No literary crime could ever be solved without Sherlock Holmes and his faithful Watson, but author Arthur Conan Doyle, born on May 22, 1859, was more than his infamous detective. Originally published as “A Study In Scarlet” for Beeton’s Christmas Annual for 1887, Doyle soon tired of his hero.
In November 1891, he wrote to his mother: “I think of slaying Holmes … and winding him up for good and all. He takes my mind from better things.” As one of ten children, Doyle was exposed to many things and his diverse interests continued as an adult.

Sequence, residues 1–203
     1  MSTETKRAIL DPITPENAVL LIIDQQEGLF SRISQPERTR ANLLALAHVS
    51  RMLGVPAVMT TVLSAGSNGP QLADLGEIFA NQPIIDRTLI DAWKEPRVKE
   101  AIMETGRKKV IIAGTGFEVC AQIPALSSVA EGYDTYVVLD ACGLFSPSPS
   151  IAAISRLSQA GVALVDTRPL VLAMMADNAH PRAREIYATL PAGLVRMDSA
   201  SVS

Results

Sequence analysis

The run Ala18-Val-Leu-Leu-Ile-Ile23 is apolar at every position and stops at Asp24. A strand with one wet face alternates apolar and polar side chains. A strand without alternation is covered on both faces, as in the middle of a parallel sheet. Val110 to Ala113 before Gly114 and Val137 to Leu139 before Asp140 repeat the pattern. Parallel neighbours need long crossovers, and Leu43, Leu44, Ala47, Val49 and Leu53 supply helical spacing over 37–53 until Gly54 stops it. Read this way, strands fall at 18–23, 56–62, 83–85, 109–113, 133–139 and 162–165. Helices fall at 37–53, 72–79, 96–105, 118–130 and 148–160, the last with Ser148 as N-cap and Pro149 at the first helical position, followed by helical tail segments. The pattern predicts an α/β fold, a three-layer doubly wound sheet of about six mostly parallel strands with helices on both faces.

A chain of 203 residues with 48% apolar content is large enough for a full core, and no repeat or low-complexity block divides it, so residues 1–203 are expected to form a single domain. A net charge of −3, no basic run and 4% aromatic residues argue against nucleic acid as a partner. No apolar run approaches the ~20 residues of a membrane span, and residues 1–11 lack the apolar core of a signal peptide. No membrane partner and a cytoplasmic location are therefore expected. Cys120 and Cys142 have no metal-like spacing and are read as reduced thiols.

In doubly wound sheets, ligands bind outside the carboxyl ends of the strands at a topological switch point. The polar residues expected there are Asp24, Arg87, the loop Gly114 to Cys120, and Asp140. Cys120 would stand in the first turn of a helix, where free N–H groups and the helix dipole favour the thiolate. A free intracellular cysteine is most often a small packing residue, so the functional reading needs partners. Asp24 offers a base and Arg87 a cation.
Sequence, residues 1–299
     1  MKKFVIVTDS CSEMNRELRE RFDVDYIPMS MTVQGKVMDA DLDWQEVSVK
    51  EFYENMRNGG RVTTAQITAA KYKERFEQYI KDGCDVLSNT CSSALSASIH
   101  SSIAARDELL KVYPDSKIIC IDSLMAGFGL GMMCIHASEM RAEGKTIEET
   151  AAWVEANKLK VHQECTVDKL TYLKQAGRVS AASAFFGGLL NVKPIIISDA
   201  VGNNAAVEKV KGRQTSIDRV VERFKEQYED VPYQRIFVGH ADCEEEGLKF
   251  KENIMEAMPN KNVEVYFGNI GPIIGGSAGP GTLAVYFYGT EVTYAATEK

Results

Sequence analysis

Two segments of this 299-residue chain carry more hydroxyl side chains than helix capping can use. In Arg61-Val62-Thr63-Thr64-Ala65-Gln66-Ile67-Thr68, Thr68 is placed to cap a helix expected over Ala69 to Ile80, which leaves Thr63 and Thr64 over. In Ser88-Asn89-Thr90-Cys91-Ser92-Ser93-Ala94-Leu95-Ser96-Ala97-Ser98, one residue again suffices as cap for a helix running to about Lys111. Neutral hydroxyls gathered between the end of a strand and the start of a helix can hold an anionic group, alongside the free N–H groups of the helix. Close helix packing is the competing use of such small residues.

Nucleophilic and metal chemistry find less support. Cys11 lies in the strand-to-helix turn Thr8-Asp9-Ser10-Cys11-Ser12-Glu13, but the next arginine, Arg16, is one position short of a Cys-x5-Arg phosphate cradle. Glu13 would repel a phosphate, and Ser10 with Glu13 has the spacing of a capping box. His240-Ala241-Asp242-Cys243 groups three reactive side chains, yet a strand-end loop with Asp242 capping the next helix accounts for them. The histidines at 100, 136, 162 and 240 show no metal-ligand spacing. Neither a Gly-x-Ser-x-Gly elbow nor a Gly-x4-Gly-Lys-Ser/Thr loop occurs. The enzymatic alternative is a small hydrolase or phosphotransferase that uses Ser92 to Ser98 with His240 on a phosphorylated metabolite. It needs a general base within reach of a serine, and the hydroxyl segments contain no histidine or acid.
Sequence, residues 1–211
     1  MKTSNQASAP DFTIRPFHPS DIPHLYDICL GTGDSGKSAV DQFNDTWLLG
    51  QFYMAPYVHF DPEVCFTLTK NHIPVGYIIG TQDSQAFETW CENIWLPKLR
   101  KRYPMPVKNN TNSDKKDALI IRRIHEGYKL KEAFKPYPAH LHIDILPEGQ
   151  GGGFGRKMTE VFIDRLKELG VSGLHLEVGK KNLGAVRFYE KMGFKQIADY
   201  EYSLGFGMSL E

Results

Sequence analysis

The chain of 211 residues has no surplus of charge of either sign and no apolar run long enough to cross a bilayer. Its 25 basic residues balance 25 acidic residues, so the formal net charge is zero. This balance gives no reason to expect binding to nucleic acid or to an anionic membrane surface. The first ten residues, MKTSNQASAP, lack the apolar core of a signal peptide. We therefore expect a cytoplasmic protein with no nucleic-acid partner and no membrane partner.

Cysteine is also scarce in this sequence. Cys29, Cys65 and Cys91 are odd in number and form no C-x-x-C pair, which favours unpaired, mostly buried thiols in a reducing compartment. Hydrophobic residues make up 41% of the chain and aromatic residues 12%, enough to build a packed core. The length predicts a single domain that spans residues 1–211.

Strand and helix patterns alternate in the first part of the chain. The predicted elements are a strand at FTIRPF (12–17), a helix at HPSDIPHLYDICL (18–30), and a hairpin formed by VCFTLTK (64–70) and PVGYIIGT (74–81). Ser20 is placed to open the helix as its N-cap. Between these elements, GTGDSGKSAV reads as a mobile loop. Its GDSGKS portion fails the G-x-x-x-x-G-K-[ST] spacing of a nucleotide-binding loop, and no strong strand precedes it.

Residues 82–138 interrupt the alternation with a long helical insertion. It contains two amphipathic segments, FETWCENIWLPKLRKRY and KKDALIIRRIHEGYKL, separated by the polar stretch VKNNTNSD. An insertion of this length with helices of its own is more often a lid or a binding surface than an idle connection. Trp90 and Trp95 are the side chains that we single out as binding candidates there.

He studied medicine, was a war correspondent, married twice, and wrote historical novels (The White Company, Sir Nigel, Micah Clarke, Uncle Bernac, The Refugees, and The Great Shadow). Although he died in 1930, Doyle walked through life with his eyes wide open, and much of what he experienced became inspiration for the written word.
“The world is full of obvious things which nobody by any chance ever observes.” (The Hound of the Baskervilles).